In January 2020, a little over half a million Americans were unhoused. The Annual Homeless Assessment Report indicated the unhoused in California accounted for 161,548 people, an increase of 7% since 2019. In the coming years, the number of unhoused is expected to increase as a result of the negative impact the pandemic has had on employment, housing security, and access to social services.
Causes of homelessness cut across the domains of the social determinants of health and include a lack of affordable housing and healthcare, mental illness, and addiction. Addressing the healthcare needs of the unhoused can be challenging due to healthcare access issues. One reason for this is the unhoused tend to be transient, moving from one place to another. The continuous movement can further delay clinical diagnosis. Left unchecked, the condition worsens, and the unhoused individual ends up seeking care in the emergency department (ED). While at the ED, the individual is stabilized, but that is not enough to keep the unhoused person from re-entering the ED as basic housing, nutrition, and medical services are still lacking. Asides from repeat ED visits, healthcare providers in California are challenged with discharging patients to a safe place as mandated by Senate Bill 1152 which was passed in 2018. If proper accommodations are not made, in extreme cases, patients can be in the hospital for several years, occupying a bed meant for highly specialized and acute services which can be costly.
In order to reduce preventable healthcare costs in the form of repeat ED visits and extended hospital stays, non-profit hospitals such as Dignity Health and Providence St. Joseph are investing millions of dollars into community investments that focus on affordable housing., A path to do this is by fulfilling community benefit obligations that are mandated by the federal government through the Affordable Care Act and the Internal Revenue Code Section 501c(3).,
Evidence suggests housing stability that has coordinated services can significantly impact healthcare costs and health outcomes. Investing in housing can be a costly endeavor which health systems cannot do on their own. Focusing on upstream initiatives by advancing policies such as inclusionary zoning on affordable housing and participating in cross sector collaborations with community development corporations, the housing authority, and foundations can help to provide the most vulnerable populations with affordable housing options.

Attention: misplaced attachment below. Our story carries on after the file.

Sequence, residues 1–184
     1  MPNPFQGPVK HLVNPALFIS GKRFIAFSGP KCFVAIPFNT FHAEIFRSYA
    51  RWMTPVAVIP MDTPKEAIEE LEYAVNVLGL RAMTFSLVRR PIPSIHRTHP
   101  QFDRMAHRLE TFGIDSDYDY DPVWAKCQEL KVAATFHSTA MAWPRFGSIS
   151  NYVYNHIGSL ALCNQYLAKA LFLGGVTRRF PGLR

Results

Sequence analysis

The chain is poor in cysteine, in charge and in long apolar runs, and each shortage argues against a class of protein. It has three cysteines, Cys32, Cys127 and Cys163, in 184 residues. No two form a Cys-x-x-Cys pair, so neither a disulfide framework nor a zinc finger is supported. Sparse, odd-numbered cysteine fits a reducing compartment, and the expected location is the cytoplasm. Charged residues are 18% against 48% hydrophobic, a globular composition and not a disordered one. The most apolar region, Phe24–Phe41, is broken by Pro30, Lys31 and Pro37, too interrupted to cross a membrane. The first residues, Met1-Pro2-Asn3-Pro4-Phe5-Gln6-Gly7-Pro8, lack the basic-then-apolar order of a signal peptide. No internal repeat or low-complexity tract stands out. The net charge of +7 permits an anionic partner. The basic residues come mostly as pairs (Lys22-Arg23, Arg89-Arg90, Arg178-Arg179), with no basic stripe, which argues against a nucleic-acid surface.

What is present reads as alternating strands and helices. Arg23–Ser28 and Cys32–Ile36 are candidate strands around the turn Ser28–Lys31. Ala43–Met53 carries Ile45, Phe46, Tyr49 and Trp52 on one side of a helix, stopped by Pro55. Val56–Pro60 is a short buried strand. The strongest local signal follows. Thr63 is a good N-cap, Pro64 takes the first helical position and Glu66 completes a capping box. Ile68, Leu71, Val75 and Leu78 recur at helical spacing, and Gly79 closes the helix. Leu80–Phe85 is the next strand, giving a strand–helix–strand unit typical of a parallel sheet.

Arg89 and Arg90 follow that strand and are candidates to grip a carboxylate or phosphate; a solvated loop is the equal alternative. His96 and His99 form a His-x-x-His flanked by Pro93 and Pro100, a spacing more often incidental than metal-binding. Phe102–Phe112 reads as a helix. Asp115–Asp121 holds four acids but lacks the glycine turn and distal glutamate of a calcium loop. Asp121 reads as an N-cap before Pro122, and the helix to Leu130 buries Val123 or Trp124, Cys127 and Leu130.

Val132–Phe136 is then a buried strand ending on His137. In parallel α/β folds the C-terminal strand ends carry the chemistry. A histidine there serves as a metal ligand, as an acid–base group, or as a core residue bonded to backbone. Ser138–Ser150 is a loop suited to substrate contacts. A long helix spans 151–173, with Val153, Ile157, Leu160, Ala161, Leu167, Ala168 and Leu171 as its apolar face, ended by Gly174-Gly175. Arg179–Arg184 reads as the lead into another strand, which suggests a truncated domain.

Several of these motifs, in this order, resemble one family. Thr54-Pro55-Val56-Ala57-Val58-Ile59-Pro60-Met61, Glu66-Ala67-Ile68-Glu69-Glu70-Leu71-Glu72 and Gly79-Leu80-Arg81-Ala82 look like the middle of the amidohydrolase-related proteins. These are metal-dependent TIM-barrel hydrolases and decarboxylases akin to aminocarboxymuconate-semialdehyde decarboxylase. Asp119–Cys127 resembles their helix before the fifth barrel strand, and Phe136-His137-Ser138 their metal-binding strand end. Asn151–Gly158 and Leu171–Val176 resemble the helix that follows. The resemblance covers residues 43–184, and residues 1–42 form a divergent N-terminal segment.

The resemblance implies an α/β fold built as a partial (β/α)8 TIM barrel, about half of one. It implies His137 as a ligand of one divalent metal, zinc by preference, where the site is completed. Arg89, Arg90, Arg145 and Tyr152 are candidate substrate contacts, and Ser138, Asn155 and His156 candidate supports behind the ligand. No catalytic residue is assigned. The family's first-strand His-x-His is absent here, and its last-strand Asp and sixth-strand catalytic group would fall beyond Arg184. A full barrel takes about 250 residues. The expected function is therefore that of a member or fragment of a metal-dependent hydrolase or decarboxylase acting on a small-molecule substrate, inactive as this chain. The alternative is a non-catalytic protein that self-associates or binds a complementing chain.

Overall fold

Huma Shah, DrPH, FACHE
Dr. Shah is the Program Director of the Master's in Healthcare Administration Program and Assistant Professor at the School of Public Health. Her research interests include organizational strategy/culture, health policy, leadership, clinical outcomes, and spirituality in the workplace.
 The 2020 Annual Homeless Assessment Report to Congress (January, 2021). The U.S. Department of Housing and Urban Development. https://www.huduser.gov/portal/sites/default/files/pdf/2020-AHAR-Part-1.pdf
 California Legislative Information. https://leginfo.legislature.ca.gov/faces/billNavClient.xhtml?bill_id=201720180SB1152
 Why hospitals are getting into the housing business (October, 2019). Kaiser Health News (KHN). https://khn.org/news/why-hospitals-are-getting-into-the-housing-business/
 In focus: Hospitals invest in building stronger, healthier communities. The Commonwealth Fund. https://www.commonwealthfund.org/publications/2016/sep/focus-hospitals-invest-building-stronger-healthier-communities
 Exemption requirements 501(c) (3) organizations. Internal Revenue Service (IRS). https://www.irs.gov/charities-non-profits/charitable-organizations/exemption-requirements-501c3-organizations
 Housing And Health: An Overview Of The Literature," Health Affairs Health Policy Brief, June 7, 2018. DOI: 10.1377/hpb20180313.396577
 Housing And Health: The Role Of Inclusionary Zoning," Health Affairs Health Policy Brief, June 7, 2018. DOI: 10.1377/hpb20180313.668759